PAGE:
Chinese Calligraphy by Charles Lachman
Calligraphy, literally “beautiful writing,” has been appreciated as an art form in many different cultures throughout the world, but the stature of calligraphy in Chinese culture is unmatched. In China, from a very early period, calligraphy was considered not just a form of decorative art; rather, it was viewed as the supreme visual art form, was more valued than painting and sculpture, and ranked alongside poetry as a means of self-expression and cultivation. How one wrote, in fact, was as important as what one wrote. To better understand how calligraphy came to occupy such a prominent position, it is necessary to consider a variety of factors, such as the materials used in calligraphy and the nature of the Chinese written script as well as the esteem in which writing and literacy are held in traditional China.
The earliest extant examples of Chinese writing are the inscriptions that appear on so-called oracle bones and on bronze vessels, the oldest of which date back to the Shang dynasty (ca.1600–ca.1100 b.c.e.). Shang kings used these objects in important divination rituals, and some scholars have argued that this early association of writing with ritual and political authority helps to account for the special status conferred upon those who could read and write.
These early inscriptions were made on the surface of an oracle bone or a bronze mold with a sharp, pointed instrument. As a result of this process, the characters (or “graphs” as they are also called) generally lack the kinds of linear variation and other attributes considered prerequisites of true calligraphy. Those qualities began to emerge very clearly during the Han dynasty (206 b.c.e.–220 c.e.), when Chinese artisans perfected the manufacture of the basic materials still used by calligraphers today: brush, ink, paper, and inkstone.
Although archaeological evidence confirms that brushes were known in China at a much earlier date, it was during the Han period that their use became widespread. A typical brush consists of a bundle of animal hairs (black rabbit hair, white goat hair, and yellow weasel hair were all very popular) pushed inside a tube of bamboo or wood (though jade, porcelain, and other materials were also occasionally used). The hairs are not all of the same length; rather, an inner core has shorter hairs around it, which in turn are covered by an outer layer that tapers to a point. Brushes come in a wide variety of shapes and sizes that determine the type of line produced. What all such brushes have in common, however, is their flexibility. It is this feature more than any other that allows the calligraphic line to be so fluid and expressive.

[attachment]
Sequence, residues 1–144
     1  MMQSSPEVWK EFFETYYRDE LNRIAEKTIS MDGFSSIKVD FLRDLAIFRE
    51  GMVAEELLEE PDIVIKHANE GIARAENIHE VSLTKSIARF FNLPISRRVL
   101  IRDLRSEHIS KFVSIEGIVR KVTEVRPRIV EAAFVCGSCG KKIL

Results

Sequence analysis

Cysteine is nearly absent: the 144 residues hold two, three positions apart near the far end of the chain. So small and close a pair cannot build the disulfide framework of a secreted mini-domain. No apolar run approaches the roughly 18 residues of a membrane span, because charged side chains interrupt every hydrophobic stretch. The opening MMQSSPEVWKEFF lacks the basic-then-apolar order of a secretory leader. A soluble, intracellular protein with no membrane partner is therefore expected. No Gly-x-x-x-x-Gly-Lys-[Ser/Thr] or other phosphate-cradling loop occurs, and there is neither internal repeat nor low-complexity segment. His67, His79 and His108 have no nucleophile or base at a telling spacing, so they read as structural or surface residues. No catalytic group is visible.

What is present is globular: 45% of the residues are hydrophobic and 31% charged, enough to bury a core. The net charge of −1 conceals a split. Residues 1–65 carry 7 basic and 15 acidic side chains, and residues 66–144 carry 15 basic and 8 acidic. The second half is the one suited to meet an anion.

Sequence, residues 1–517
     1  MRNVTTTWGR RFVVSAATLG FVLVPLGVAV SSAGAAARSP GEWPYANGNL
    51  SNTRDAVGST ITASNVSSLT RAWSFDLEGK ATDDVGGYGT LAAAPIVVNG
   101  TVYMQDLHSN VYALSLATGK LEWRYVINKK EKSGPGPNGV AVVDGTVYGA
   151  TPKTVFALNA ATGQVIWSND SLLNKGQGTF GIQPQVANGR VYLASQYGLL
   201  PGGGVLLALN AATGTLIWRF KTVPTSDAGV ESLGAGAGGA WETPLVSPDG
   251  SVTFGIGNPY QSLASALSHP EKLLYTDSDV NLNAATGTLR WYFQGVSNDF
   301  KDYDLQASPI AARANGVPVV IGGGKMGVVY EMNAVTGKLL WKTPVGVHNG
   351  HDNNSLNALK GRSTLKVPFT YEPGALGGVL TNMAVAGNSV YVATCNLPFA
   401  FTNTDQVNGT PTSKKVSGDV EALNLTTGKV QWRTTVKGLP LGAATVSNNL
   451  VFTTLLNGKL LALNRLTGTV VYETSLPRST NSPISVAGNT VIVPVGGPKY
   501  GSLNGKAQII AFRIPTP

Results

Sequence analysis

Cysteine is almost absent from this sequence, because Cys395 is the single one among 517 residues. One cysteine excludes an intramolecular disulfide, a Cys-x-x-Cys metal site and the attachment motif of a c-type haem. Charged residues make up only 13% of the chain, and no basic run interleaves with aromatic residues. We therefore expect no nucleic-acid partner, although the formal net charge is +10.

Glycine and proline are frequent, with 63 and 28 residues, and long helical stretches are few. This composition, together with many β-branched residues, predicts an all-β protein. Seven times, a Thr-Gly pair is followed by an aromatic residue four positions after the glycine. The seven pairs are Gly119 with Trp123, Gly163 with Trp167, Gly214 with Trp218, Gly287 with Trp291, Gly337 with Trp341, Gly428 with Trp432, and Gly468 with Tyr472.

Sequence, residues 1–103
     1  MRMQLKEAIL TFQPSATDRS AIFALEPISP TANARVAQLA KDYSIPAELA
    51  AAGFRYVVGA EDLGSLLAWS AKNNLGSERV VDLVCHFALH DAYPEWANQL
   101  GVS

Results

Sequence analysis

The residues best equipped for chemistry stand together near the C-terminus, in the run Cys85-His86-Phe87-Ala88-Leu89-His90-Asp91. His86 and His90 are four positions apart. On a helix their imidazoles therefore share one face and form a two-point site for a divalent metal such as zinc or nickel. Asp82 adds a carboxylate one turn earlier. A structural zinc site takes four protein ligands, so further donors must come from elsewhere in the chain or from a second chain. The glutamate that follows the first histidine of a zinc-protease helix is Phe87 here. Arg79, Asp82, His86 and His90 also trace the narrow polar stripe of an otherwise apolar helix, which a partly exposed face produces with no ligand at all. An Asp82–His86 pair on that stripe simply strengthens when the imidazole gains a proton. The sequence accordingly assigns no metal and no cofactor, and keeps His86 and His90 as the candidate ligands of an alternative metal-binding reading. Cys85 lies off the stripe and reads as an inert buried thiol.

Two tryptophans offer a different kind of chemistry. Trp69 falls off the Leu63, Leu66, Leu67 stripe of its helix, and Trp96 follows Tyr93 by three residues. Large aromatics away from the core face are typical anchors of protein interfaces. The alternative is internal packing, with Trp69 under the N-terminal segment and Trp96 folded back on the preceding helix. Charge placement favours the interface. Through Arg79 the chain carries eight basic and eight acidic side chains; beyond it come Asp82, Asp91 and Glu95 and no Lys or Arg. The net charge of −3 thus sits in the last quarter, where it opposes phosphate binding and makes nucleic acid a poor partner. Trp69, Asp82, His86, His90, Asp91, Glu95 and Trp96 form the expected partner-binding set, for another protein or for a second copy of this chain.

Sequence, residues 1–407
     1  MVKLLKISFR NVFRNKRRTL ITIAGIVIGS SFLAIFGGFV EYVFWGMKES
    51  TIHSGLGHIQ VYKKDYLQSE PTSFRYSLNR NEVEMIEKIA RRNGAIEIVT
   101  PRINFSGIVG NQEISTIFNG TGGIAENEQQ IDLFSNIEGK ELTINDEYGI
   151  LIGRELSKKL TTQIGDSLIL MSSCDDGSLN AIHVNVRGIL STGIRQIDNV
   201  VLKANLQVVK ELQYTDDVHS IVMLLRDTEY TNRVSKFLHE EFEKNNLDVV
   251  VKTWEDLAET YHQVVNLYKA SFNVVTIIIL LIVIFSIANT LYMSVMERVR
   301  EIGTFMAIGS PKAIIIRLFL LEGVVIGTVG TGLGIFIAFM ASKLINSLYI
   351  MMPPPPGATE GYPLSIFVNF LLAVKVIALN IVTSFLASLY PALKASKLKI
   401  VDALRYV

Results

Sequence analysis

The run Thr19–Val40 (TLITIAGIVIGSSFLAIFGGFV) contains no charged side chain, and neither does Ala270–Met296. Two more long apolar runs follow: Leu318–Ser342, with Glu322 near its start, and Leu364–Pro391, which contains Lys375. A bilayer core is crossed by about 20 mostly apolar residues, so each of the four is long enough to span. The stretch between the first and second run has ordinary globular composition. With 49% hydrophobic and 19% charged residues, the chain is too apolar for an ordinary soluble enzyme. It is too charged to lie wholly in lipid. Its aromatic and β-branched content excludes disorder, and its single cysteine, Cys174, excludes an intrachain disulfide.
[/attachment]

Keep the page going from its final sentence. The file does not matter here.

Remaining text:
The ink employed in calligraphy is usually made from lampblack, a sooty residue created by burning pine resin or oil underneath a hood. After being collected, the lampblack is mixed with glue and then pressed into molds. The resulting hardened cakes or sticks can then be ground against a stone and mixed with water, a process that allows the calligrapher to control the thickness of the ink and density of the pigment. Eventually ink cakes and ink sticks themselves became a decorative art form, and many wellknown artists created designs and patterns for their molds.
The invention of paper is widely appreciated as one of China’s major technological contributions to the world. Tradition credits the discovery of the process to Cai Lun in 105 c.e., though recent tomb findings demonstrate that paper was known at least a century earlier. Paper was made from various fibers, such as mulberry, hemp, and bamboo, and provided an inexpensive alternative to silk as a ground material for calligraphy and painting.
Together with the inkstone—a carved stone slab with a reservoir for grinding ink and mixing it with water—brush, ink, and paper are known in China as the Four Treasures of the Study (wenfang sibao), indicating the high esteem in which the materials of calligraphy are held. These Four Treasures are the same materials employed by traditional Chinese painters. Some critics have pointed to this as a way of explaining why calligraphy has a higher status in China than elsewhere. The argument goes something like this: In Europe, for instance, painting is a high art; calligraphy does not use the same materials as painting; therefore, calligraphy is not accorded the same high status as painting. In China painting and calligraphy use the same materials; therefore, calligraphy is considered to be a high art akin to painting.